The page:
Senate hearing focuses on potential delay of MU Stage 3
Despite the federal government's best intentions to create an interoperable healthcare landscape, the Meaningful Use program has yet to truly prevent information blocking by both providers and vendors, legislators on the Senate's Health, Education, Labor & Pensions committee declared at a hearing Thursday. To that end, they led a discussion focused on potentially delaying Stage 3 of the program, proposed in late March.
Committee Chairman Lamar Alexander (R-Tenn.) said based on what providers have told him, Meaningful Use Stage 3 is a terrifying prospect that could cost systems millions, and in some cases billions, of dollars.
"My instinct is to say to Secretary [Sylvia Mathews] Burwell 'let's not go backward on electronic health records,'" Alexander (pictured) said. "But let's not impose on physicians and hospitals a system that doesn't work and which they spend most of their time dreading."
Alexander clarified he wants to slow down implementation of federal rules, not halt progress altogether, to ensure EHR implementation is done right the first time.
Three of four individuals who testified at the hearing agreed with the notion of delaying Stage 3, although two--David Kendrick, chair of the University of Oklahoma's department of medical informatics, and Michael Mirro, past chair of the medical informatics committee for the American College of Cardiology and current chief academic and research officer at Parkview Mirro Center for Research and Innovation in Fort Wayne, Indiana--said the Office of the National Coordinator for Health IT's EHR certification program should continue.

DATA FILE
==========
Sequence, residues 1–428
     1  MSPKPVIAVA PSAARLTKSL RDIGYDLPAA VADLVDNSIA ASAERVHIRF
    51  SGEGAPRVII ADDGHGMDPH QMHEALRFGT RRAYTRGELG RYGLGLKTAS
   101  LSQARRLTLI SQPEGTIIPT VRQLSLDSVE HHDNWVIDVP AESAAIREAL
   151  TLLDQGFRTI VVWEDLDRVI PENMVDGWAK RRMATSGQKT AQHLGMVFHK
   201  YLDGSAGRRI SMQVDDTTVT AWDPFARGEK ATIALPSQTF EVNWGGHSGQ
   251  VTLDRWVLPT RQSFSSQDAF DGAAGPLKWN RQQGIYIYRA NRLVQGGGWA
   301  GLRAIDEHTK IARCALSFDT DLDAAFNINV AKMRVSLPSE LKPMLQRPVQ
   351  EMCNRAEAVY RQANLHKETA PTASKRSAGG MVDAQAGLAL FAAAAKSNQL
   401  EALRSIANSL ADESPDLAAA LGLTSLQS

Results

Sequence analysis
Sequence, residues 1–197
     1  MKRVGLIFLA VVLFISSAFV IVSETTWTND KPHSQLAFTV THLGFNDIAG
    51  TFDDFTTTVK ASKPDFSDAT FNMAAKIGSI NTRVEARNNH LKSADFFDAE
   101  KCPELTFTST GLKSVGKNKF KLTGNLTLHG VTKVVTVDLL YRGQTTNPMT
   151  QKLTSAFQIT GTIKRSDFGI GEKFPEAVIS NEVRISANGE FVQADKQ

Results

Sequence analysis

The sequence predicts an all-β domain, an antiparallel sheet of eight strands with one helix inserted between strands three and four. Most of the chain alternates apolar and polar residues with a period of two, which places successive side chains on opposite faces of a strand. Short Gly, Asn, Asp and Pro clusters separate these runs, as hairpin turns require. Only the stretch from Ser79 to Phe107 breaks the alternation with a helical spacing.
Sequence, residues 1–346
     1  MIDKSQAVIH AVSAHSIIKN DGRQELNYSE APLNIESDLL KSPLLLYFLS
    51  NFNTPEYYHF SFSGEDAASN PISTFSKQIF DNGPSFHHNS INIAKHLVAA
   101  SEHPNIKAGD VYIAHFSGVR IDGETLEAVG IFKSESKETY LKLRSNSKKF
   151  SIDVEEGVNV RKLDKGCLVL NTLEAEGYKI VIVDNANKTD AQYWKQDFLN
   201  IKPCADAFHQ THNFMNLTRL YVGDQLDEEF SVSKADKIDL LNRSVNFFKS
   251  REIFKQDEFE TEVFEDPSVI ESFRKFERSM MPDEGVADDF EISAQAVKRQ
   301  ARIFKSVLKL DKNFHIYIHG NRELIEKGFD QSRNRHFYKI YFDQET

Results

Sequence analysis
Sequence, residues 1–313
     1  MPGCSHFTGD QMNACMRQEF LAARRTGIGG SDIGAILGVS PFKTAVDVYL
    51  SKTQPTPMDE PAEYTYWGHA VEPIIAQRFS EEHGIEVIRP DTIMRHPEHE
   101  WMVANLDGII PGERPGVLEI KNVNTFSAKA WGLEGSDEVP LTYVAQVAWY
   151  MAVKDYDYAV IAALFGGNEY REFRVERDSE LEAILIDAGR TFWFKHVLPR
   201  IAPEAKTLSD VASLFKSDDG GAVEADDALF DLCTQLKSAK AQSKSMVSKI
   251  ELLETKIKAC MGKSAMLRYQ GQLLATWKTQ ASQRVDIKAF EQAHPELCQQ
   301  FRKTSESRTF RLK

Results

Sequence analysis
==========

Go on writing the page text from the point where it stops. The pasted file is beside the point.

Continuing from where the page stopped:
"We want to delay [Stage] 3 of Meaningful Use in its entirety," Mirro said, adding that Stage 2 has created "incredible inefficiencies" regarding workflow and usability. "We really have to digest the impact of [Stage] 2."
David Kibbe, president and CEO of DirectTrust and a senior advisor to the American Academy of Family Physicians, called for "an immediate moratorium" on Stage 3 until Stage 2 is fixed.
"There are parts of Stage 2 that need to be fixed and improved to ensure that more hospitals and eligible providers can participate in Stage 2 before we go onto anything called Stage 3," Kibbe said. In particular, he said, certification, interoperability, quality reporting and security all must be improved.
Allscripts CEO Paul Black, however, said the Department of Health and Human Services should stay the course with the rollout of Stage 3, noting that 2018 is a long way away.
Niam Yaraghi, a fellow at the Brookings Institution's Center for Technology Innovation, recently wrote that Meaningful Use Stage 3 makes provider too reliant on the actions of others, pointing out that the proposed rule requires an increased number of provider to send electronic summaries for patients they refer to other providers, as well as receive summaries for patients referred to them. No matter how technologically advanced a provider organization is, if it is working with an organization struggling to connect, Stage 3 cannot be completed, he said.
"Given the distance between the proposed rules of the Meaningful Use program and the reality of the healthcare market, the program's success should be considered a miracle," Yaraghi wrote. "Even if this miracle happens, we will not achieve much in terms of quality or efficiency in the healthcare system."
To learn more:
- watch the hearing
Providers, vendors both to blame for information blocking
Niam Yaraghi: MU Stage 3 too dependent on actions of others
CMS, ONC release proposed rules for Meaningful Use Stage 3
Stage 3 Meaningful Use rules ambitious but burdensome, providers say